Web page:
thus, the whole is greater than its fiart i contentmelit Is better
tlian richcfs i two sides of a triangle are togel^r greater than
the thirds 4tc. are.«^^oreitca2 proposi^isfis.
^6. ProposUioi^, both practical and the^|«ticai> ar6 either
H^'^midentOY JtemfiMtrahle,
37. A »elf^€videni practical prapoiition is named by Euclid a
I'OSTtJLAXE^^od a self-evident iimnreHcal proposition, an ax mac.
38. A demgHstrable practical propofition is called a PKOfiLBic^
^KdemonstraUe theoretical propgaition^ a tdbosbm.
38. Hence, postulates and axioms being, intuitive truths or
nsixims of common sense, admit of no demonstration ^ hut4>ro-
hlems and theorems not being self>-evident5 therefore require to
be deoiohs^ppttei^. ^
4Q, Definitions, postulates, and axioms, m^ the sole principles
on which demonstr^ion is founded ; this foundati^, narrow and
sBght as it niayseem^is comiuually extended and strengthened
by^^l^Ml eonstaot accession ol new materiab<j for every truth,
as soon as it is demonstrated^^ hpooams a principle of equ«l
force and validity with truths whieh are 8e)f*evident, and rear
toniiig may^be btdlt on it with the same degree of certainty
as OB Iheui: thus reasoning, fay its p^igress, continually inir
VOL« II. s
«& GBomerBY. pam vul
creases its Iwb^iaid the powers of-tiM mind, ampie at tiiey are,
must lieAce be ioadequate to the use of all that vaat aocunm-
lation and mrietyr of means, provyed for tlieiK employment.
41. When ftrom the exanriaatmn and csmpaiison of two
known troths a thuti follows as •& evident conseipieniee^-the
known truths are called niHiiiafts^^ha-tnlth derived an ikfs*
B«»CB> amk the«st of deriving it finun the. f»reiiitset is called
ORAWIHG, or MAKING AN INPBRENCB.
Thus» if 4«M^ and two be equ^to fopr, and three and one be
equal to four, these being the premitm* it follows as an infereuoe
that two and two, and ihr^ and «ae» are etpial to |)ie same ^vis,
to four) : noW> since things that are equal to thi^same are equal
to 0ne another, it follows as a further 'ifi^cnctf, that tW0 and two
are equal to three and one,
42. This axamiAs will fiimish a general, although necessaoly
an imperfect, notion of Euclid*s method of proving his propo*
sitions : his demoikitratiows are nothing more than a regular a«$
well connected chain of suecessive intuitive inferences, the first
of which is drawn from self-evident premises, and the last Hw
thing which was proposed to be prored.
43. Hence, although demonstration is necessarily founded on
self-evident truth, it is noi at all necessary in every case that Ave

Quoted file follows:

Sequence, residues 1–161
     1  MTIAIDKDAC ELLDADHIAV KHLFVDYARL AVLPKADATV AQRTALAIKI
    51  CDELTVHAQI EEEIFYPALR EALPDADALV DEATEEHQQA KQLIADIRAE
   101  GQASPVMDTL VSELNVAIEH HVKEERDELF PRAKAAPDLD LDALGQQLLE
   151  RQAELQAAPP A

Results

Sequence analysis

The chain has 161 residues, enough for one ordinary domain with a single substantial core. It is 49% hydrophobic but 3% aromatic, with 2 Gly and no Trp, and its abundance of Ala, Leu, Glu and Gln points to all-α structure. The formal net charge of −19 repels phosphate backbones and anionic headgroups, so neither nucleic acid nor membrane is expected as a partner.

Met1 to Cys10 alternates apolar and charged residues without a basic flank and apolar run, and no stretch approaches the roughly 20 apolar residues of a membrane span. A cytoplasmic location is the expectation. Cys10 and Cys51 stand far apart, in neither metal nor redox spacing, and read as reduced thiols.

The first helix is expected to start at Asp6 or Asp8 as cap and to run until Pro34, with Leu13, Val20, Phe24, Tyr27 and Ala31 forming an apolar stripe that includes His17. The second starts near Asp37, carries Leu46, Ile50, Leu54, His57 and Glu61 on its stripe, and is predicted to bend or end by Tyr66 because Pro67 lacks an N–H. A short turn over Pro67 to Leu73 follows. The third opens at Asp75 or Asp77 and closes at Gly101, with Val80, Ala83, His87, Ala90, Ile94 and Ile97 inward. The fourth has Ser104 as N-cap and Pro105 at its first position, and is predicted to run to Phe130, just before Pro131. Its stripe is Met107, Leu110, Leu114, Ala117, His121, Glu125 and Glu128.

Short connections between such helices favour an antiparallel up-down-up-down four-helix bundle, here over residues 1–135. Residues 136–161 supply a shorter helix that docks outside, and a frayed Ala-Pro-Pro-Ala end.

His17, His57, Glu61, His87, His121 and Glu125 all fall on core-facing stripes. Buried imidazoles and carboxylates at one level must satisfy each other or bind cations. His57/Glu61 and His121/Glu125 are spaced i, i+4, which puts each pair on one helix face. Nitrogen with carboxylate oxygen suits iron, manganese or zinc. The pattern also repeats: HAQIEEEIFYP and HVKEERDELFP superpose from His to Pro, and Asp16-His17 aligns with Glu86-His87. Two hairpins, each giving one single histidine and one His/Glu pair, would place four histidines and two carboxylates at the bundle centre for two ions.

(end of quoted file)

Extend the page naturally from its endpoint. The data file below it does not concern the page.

should have recoipse to first principles^ for this woukl make de-
monstration a most unwieldy machine, requiring too mueh la-
bour to be of extensive use : every inference fiedrly drawn from
self-evident principles is of equal validity with inl^itive truth,
and may be employed for the same purposes ; thus £nclid> in
his demonstrations, makes U8# of the truths he has befose do*
m<Mistrated with a confidence as weU foiinded as though Uiey
were self-evident, and merely refers you to the proposition wheit
the truth in question is proved. This saves a. great deal of trou*
ble, for truths once established may with the stnolwst propriety
be employed as principles for the proof and discovery of others.
44. It frequently happens in the course ;(if a demonstration,
that an inference presents itself, which is useful in other cases^
although not imaawdiately so with respect to ther proptosillon
snder conskleration ; when such 'an inlsrence is made, it is ealled
a COROLLARY, and the act of making it naouciNG a cobollart.
45. A LEMMA b a proposition not immediately connected with
the subject in hand, but is assume4 for the sake of shorteniflig
Pabt WIL on EUCLID'S JPIRST BOOK. 86^
<]it draiom^Mien of ofte or nunrt of the isttoNiiig pn^osi^
tiOBB.
46. A SCBQUUM lA a note or oUeryaUon, aefving to coBfiroa»
explahi, illustrate, or apply the subject to which it refers.
47. Euclid in his fifemeots ewplo^FS two methods for establish*
iog^ the truth off what he intends to prove f namely, direct and
imdirett, both proceeding hp a series of inferences in the manner
explained above. Art. 41> 43«
48. A DiftECT DBMONSTKATioN is that wiiich proceeds from
intuUive or demomtrated truths^ by a chain of successive infe-
rences» the last of which is the thing to be proved.
49. An inoirbct or apologicai. d&monstration, or as it
is frequently named, aanucTio ad . absukdum, consists in as-
suming as true a proposition which directly contradicts the one
we mean to prove -, and proceeding on this assumption by a train
of reasoning in all respects like that employed in the direct